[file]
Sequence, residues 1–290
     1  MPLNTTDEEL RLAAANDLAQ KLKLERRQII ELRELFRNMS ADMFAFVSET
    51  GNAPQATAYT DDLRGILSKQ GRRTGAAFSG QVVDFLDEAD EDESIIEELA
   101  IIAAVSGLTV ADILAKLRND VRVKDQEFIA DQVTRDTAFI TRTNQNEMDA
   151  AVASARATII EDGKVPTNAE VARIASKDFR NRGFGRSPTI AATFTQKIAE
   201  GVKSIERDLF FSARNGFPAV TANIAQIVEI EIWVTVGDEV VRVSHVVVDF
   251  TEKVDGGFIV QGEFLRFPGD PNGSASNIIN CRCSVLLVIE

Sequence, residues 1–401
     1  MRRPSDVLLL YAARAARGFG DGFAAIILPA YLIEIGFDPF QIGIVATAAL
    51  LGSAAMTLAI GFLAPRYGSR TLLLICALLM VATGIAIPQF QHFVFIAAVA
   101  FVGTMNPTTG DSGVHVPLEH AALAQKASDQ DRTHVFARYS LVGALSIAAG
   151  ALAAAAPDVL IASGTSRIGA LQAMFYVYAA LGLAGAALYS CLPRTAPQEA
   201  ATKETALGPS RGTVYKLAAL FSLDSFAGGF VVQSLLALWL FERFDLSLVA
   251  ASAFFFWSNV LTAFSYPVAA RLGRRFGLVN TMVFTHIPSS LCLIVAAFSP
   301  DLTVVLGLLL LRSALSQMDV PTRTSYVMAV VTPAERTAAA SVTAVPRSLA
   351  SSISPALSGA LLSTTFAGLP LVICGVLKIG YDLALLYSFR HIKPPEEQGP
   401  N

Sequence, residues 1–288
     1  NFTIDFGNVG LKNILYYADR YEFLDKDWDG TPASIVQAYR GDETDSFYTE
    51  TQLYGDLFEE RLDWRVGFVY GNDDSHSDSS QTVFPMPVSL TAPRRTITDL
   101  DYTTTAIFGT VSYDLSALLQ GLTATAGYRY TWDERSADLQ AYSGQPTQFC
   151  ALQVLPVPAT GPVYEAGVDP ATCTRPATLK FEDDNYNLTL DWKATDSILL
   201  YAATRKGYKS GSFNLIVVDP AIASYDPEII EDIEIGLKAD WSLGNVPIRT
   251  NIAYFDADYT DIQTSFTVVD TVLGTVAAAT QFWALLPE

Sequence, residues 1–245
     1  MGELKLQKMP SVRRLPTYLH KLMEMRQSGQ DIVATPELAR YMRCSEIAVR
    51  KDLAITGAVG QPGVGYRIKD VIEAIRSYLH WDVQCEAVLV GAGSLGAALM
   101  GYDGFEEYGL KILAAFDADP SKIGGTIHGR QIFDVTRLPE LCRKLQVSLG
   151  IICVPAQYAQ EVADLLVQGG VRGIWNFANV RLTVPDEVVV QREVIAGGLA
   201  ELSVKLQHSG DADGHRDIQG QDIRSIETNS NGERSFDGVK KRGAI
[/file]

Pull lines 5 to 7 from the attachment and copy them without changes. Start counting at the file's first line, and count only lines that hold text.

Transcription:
   151  AVASARATII EDGKVPTNAE VARIASKDFR NRGFGRSPTI AATFTQKIAE
   201  GVKSIERDLF FSARNGFPAV TANIAQIVEI EIWVTVGDEV VRVSHVVVDF
   251  TEKVDGGFIV QGEFLRFPGD PNGSASNIIN CRCSVLLVIE